The 4 Qualities of Mindful Acceptance

Ahhhhhhhhh (that's suppose to be a scream).  We just got back from LA and I'm exhausted.  Its a great city but I find it very tiring - the traffic, the crowds, the noise.  The trip was about visiting family members who are having a difficult time in their lives.  Children in the foster care system, can't hold on to steady work and from my perspective are in complete denial about their situation and about how to fix the problem.   

My sweet calm husband tells me the best we can do is accept that these people are adults, are doing the best that they can and all they need from us is love, non-judgement and words of support.  The hard part is that there are 5 children involved who have no say in their situation but are getting shuffled from house to house.  Every bone in my body wants to scream "WHAT ABOUT THE KIDS".  We tried having a supportive conversation about a plan to help these people and it didn't go very well (big big big sigh).  My mind keeps looping back to what I should have said and starts down the path of do I try again and what if I say this or that.   My sleep and dreams the last two nights have been very restless and I can feel the anxiety and tension growing around the situation.  So for today knowing that I really have no control of the situation I'm going to review the 4 qualities of mindful acceptance so that I can keep practicing and letting go of what I have no control over.  

1)   Paying Attention - Staying present to the here and now.  Deep breathing is good for this and is a way to keep bringing attention back to the body and to the space in which we live - the here and now.  Taking time to notice what we notice in our bodies and in the space around us.  Taking a minute to notice what you notice, the noises in the room, the temperature in the room, focus on your breath and just notice what you notice.   This exercise brings us to the present, the place where we can take action in our lives.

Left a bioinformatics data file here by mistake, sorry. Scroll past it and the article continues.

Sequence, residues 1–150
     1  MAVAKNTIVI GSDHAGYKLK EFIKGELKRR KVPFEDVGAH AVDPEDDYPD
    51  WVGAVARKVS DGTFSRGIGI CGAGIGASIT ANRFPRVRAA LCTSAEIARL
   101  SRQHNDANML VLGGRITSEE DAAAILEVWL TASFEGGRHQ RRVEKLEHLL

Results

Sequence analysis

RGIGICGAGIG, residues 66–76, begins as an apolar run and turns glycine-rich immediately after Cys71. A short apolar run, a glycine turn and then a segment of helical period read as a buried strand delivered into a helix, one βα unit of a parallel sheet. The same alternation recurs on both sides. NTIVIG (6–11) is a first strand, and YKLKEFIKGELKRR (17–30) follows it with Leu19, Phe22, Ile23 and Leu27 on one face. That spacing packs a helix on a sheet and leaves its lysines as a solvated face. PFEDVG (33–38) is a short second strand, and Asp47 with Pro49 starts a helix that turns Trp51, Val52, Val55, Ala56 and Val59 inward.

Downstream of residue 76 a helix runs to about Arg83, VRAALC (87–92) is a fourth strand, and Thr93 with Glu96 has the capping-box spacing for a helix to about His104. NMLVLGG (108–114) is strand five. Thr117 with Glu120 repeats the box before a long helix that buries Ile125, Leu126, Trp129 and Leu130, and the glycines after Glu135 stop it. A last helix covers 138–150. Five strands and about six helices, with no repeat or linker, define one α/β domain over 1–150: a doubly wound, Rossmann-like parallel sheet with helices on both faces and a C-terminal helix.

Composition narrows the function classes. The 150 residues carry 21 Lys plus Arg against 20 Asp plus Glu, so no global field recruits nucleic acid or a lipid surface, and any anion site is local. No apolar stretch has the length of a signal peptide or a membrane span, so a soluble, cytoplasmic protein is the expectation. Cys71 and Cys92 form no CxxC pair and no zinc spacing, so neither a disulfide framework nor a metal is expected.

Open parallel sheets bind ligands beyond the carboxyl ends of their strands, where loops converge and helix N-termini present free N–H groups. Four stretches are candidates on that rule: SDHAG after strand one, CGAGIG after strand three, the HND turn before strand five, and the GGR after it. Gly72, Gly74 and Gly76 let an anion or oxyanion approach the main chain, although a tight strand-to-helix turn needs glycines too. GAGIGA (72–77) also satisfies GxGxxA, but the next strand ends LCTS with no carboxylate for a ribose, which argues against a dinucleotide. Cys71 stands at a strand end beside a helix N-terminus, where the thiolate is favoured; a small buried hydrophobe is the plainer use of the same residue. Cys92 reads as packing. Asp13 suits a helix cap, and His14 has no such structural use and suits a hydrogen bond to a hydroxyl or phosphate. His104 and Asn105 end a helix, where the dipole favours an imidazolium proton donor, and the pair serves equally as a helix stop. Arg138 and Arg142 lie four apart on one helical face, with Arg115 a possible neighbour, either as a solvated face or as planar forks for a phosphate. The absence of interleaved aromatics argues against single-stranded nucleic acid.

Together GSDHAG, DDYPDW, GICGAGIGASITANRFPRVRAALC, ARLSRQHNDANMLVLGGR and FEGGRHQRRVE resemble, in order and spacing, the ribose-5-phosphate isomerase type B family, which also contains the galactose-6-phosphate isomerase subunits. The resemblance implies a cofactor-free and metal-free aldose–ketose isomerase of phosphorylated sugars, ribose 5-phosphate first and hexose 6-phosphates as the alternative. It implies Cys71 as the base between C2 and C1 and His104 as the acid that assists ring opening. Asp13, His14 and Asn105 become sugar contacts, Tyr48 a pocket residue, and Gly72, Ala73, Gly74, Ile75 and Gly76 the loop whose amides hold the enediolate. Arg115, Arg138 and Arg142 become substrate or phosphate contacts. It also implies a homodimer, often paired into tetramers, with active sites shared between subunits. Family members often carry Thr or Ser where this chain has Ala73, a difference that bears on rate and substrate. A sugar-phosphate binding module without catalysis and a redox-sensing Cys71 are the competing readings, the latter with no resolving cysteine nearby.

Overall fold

2)  On Purpose - In order to pay attention we must choose to do it, and do it again and again, over and over throughout your day and your life.  So paying attention isn't something that we practice when we start to get anxious its a life commitment to be present.  

3)  In the Present Moment  - We all know the experience of not paying attention - driving and thinking about other things, watching a movie and suddenly realizing that you have no idea what is happening, etc.  We all know this because the mind is in a constant state of thinking and looping and pulling us out of the here and now.  So the trick is to over and over purposefully practicing staying present - to our breath, our bodies and to the moment that we are in - the only place that is real.

4)  Non-judgmentally - This one is really hard to do (especially for me).  George, my brain, is always shooting messages of judgement:  good-bad, right-wrong, sour-sweet, should-shouldn't, and so on.  George was really going to town when we were talking to my LA family members - labeling them as selfish and judging them for putting their needs in front of the kids.  And then later George started judging me saying "if you were smarter you would have said the right things so that they would take better actions in their lives".  When our brains are being  judgmental its very hard on us and creates a lot of confusion and anxiety.  Very important to keep noticing our thoughts and  practice sorting out which thoughts are helpful and letting non-helpful thoughts just drift on by.  

So I'm off to my day ... praticing forgiveness, compassion and a committment to purposely live a mindful life ... more in the physical here and now than in my brain.  Thanks George for all the times you help me plan and problem solve and respectfully I will choose to ignore you when your words are critical and judgemental.    

The above 4 qualities  were paraphrased from THE MINDFULNESS & ACCEPTANCE WORKBOOK FOR ANXIETY by John P. Forsyth, Ph.D  and Georg H. Eifert, Ph.D